Blog Archives

The Origin of the Carnival Holiday

Although many people usually associate the holiday of Carnival as something celebrated in Brazil, many would be surprised to know that it is in fact, a worldwide celebration. Usually occurring in February, the festivities for this holiday happen right before Lent. The many themes surrounding this holiday include masks, parades, fireworks, dancing, and of course, […]

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Translation: Specialty of Cultural Interpretation

“The Spanish language has to undergo massive changes in preparation for the future without borders,” warned Gabriel García Márquez in the Congress of Zacatecas 1997. This declaration from the Colombian writer was shown to be prophetic as a little more than a decade after this Congress, Spanish was declared the second most spoken language in […]

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The Translation of the Word “Hangouts” as “Quedadas” in Google+

As we all know, Google did not want to stay behind in the sphere of social networks and has created Google+, with a format similar to Facebook, but with some very interesting features that Facebook lacks. In fact, it’s easy to find several blogs that talk about this new network offered by Google. For instance, […]

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Interpretation for Police Services

The idea to write this post came to me as I read an article on Asetrad’s (Asociación Española de Traductores — The Spanish Translator’s Association) that discussed the large number of complaints filed by a group of judges in Madrid due to the low quality and poor level of professionalism from the interpreters they work […]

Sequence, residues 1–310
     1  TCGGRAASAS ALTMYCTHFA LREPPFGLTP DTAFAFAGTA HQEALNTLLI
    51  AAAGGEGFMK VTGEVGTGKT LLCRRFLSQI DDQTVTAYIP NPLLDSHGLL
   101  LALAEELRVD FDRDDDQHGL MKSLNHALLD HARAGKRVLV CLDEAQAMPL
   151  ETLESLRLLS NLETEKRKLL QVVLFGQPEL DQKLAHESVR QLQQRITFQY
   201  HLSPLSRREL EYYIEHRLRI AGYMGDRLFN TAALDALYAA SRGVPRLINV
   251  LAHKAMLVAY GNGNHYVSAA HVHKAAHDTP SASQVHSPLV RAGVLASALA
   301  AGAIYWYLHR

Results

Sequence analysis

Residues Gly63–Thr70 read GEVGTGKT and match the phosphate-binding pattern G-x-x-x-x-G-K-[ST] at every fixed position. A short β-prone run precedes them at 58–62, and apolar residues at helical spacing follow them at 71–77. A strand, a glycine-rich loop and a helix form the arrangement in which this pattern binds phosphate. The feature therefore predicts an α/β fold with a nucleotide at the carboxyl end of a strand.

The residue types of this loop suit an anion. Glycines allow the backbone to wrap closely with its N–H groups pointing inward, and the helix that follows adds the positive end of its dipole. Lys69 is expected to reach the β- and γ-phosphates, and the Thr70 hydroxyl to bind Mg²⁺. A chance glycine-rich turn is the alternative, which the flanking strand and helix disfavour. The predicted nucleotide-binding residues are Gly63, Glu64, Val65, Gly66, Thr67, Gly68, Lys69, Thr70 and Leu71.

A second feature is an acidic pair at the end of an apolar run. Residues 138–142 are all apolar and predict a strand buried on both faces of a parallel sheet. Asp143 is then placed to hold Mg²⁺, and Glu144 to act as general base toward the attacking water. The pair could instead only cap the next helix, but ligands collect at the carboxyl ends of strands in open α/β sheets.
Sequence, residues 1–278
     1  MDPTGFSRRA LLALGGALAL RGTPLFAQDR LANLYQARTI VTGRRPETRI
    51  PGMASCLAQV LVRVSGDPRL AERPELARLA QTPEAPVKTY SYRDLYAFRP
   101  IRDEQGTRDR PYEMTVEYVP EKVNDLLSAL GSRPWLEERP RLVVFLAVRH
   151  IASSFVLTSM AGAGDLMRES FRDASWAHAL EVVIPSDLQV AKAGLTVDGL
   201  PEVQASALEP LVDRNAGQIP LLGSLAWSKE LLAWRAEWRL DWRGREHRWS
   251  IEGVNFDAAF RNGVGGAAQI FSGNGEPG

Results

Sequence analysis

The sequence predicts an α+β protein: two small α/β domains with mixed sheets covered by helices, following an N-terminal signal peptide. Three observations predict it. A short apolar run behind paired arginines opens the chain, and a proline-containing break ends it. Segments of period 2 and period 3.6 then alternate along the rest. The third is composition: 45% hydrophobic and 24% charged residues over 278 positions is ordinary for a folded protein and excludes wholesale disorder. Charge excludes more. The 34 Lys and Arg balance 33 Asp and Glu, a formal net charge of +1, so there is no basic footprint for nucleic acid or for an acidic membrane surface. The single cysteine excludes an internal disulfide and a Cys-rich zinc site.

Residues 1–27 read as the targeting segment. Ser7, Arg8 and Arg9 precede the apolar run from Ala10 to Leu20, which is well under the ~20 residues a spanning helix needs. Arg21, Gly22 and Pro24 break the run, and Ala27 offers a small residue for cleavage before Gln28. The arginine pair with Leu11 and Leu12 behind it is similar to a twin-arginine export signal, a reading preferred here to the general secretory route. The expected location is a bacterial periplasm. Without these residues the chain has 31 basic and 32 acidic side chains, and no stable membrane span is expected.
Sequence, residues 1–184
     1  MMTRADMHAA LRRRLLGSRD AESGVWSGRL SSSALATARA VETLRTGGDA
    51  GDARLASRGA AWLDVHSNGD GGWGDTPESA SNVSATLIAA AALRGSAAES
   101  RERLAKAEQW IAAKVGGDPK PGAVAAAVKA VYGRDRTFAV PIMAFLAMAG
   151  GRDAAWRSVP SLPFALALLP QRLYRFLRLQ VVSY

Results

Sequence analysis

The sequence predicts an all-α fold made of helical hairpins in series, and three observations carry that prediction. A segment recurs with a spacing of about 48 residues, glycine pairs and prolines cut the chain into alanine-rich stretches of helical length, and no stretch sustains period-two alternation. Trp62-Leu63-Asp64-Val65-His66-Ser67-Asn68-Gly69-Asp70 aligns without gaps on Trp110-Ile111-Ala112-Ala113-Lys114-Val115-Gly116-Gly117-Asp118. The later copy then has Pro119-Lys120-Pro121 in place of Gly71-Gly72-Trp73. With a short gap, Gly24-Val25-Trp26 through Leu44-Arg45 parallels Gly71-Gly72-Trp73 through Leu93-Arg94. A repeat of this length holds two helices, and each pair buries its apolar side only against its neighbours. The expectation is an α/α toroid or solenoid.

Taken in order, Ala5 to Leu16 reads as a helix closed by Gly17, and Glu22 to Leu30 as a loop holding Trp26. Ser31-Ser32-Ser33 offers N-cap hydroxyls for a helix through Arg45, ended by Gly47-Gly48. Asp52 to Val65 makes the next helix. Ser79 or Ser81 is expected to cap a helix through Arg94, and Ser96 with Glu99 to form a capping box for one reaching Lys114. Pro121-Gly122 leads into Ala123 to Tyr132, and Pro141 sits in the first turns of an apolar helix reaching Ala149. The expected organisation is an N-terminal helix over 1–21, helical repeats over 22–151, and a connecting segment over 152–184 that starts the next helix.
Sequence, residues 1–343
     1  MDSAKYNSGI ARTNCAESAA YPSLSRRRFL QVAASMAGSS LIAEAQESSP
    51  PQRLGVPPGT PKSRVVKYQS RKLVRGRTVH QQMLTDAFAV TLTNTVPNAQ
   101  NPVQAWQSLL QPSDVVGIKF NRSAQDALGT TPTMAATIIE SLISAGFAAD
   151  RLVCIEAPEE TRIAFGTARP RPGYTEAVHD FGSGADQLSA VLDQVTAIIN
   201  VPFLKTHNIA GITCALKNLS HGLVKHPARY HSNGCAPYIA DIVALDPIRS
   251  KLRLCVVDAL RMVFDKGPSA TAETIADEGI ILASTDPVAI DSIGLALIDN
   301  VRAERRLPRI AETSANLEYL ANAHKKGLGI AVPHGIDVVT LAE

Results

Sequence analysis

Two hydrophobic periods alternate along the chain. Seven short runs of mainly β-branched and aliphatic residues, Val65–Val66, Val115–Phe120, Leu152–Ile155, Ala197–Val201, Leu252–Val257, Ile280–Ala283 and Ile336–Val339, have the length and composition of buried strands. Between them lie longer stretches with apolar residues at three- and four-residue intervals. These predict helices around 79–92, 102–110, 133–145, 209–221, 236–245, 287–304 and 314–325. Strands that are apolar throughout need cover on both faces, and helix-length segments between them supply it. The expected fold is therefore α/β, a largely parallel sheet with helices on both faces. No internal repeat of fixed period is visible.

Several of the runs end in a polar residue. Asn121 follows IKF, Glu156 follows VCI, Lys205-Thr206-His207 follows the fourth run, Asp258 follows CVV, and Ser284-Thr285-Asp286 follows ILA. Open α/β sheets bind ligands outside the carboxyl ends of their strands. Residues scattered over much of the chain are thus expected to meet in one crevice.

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Is “usted” Really Always the Best Option?

I’ve noticed lots of confusion regarding this matter: many people are under the impression that it’s correct to use “usted” at all times, in all cases. I’m afraid that that’s not correct, however: not always, not in all cases.  It depends on the objective to be accomplished. According to the Diccionario de la Real Academia […]

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Language Map of Europe

The map of Europe posted above is an excellent example of why localization is so important. Translators and companies who are looking for translations should not use this as a hard-and-fast, exact representation of where the dividing lines are drawn for the languages of Europe. Instead, take a moment to consider what it is really […]

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Pronouncing “c” and “z” in Spanish

“Seseo” consists of pronouncing the letters “c” (before “e” and “i”) and “z” with the sound normally associated with the letter “s”. If someone speaks with seseo, they would say “serésa” for “cereza” (cherry), “sierto” for “cierto” (true), and “sapáto” for “zapato” (shoe). Seseo is used generally throughout Latin America and in the Caray Islands […]

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